Have you been in your garden, shaking your head and wondering, “Why are my tomatoes splitting?”
The science behind why tomatoes split is pretty straightforward. But to figure out how to keep tomatoes from splitting in your garden, you’ll need to look at the unique conditions in which you’re growing them.
Read on to learn what causes tomatoes to split, how serious it is, and how to prevent this common problem from occurring in your home garden.
Why Do Tomatoes Split?
An inconsistent supply of water is the primary cause of cracked or split tomatoes, but improper drainage or poor soil nutrition can also be contributing factors.
Fluctuations in Water Availability
A tomato will split when a sudden change in the plant’s water supply leads the inside of the fruit to start growing faster than the skin, causing it to burst open.
You’ll see this happen most frequently with ripe tomatoes. Because green tomatoes have thicker skin, it’s still possible they can split, but it’s much less likely.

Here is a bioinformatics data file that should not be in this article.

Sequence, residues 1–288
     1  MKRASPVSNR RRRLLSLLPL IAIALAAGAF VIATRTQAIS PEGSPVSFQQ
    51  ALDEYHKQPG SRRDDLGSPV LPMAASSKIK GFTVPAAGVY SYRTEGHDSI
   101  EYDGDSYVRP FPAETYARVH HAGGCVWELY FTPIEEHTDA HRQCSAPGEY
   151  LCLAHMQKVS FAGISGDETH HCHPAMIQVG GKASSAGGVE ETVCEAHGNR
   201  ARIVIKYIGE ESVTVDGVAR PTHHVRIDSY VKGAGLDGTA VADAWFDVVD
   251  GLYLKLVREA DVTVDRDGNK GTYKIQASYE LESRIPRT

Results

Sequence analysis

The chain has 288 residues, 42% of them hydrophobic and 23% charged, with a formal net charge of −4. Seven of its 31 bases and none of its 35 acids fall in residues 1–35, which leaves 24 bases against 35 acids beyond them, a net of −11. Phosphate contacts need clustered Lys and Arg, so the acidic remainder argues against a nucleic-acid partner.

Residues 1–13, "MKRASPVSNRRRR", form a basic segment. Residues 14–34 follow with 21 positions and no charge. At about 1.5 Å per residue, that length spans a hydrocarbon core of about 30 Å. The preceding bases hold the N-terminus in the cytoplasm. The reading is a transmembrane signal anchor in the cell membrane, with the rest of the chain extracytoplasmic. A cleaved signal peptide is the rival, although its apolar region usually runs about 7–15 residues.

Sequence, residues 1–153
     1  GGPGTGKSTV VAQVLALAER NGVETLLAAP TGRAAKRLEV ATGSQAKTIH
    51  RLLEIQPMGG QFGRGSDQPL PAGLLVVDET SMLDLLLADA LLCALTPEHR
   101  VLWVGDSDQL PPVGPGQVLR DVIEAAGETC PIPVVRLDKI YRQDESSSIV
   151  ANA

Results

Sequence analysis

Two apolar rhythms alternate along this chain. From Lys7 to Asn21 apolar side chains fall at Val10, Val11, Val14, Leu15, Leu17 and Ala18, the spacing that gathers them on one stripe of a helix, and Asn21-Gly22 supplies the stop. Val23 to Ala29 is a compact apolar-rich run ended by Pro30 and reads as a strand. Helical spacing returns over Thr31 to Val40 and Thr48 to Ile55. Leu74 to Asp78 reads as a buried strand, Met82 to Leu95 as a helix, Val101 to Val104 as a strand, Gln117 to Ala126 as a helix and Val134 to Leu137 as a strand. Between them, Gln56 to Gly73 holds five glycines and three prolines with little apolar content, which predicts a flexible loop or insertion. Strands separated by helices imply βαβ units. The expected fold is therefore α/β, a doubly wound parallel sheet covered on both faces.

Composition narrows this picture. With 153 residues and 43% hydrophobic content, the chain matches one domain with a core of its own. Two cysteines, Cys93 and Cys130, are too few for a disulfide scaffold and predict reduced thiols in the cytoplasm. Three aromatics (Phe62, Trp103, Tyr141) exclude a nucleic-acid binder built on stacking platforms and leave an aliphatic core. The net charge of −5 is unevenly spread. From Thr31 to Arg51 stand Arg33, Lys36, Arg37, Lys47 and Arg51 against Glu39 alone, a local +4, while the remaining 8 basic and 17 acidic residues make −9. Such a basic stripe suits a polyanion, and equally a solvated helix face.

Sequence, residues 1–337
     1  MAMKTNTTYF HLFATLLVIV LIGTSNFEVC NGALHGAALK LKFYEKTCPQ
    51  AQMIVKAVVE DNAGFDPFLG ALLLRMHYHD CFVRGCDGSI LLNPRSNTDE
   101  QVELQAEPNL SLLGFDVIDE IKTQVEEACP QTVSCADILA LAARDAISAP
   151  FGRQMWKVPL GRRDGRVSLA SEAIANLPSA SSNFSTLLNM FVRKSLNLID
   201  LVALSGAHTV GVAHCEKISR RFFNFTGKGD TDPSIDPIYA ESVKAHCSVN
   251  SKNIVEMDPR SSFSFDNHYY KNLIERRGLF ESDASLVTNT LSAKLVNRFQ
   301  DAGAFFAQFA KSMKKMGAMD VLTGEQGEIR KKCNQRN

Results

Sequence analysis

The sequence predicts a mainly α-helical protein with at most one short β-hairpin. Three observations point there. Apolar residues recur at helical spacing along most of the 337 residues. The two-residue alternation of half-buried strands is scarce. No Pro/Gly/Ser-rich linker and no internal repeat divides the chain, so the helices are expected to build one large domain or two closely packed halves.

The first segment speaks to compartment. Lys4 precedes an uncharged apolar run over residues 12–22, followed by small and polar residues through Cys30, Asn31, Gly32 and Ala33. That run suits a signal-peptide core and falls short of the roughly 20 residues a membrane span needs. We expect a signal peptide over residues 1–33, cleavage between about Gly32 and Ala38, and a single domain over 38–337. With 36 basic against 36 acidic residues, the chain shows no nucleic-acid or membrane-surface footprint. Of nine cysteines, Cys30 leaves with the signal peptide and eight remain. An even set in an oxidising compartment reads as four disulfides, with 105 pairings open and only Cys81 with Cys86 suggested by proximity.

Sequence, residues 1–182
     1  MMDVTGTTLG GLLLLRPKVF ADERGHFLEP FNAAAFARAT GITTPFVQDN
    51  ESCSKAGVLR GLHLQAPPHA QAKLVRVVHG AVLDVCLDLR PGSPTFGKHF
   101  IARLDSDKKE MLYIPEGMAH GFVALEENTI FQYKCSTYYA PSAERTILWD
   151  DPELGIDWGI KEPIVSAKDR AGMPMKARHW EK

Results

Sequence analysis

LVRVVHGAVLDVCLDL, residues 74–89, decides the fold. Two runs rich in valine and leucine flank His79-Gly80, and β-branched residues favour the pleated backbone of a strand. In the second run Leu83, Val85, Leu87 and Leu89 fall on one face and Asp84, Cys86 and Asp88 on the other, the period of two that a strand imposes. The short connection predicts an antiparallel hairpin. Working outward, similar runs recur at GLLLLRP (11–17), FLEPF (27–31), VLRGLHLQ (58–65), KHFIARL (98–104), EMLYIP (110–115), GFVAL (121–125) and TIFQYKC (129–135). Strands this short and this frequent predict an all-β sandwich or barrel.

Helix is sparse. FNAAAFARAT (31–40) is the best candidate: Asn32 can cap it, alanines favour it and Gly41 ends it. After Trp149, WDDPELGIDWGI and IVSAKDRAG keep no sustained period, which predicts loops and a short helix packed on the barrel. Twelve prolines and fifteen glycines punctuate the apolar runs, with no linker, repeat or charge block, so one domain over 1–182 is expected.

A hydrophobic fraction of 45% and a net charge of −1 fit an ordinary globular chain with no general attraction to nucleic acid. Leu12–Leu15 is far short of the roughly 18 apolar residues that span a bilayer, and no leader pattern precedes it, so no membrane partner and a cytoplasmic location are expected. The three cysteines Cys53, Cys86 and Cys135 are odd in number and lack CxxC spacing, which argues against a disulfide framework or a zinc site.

Most often, what causes tomatoes to split is sudden rainfall on outdoor plants growing in otherwise dry conditions. A thirsty tomato plant with sudden access to water will tell the fruit to absorb as much water as possible.
Forgetting to water your tomatoes or overwatering them can also cause cracks or splits, as can a sudden shift from wet to dry weather.
Improper Soil Nutrition
Even if you consistently provide your tomatoes with the correct amount of water, they can still split if the plant’s soil conditions aren’t right.
Using high-quality, well-draining, organic soil in your garden is best for all your plants, but it’s especially important for preventing tomatoes from splitting.
Insufficient drainage, calcium deficiency, and an excess of nitrogen in the soil can all contribute to cracking in tomatoes as well.
Two Types of Split Tomatoes
You may see two different types of splits or cracks on your tomatoes:
Radial cracks are vertical splits that usually start near the stem and reach down to the bottom of the tomato. Radial splits are the most damaging, and the fruit will rot if left on the vine for long.
Concentric cracks tend to be shallower and less severe than radial cracks. They appear as rings around the top of the fruit and often heal quickly before pests and bacteria can enter.
How To Prevent Tomatoes from Splitting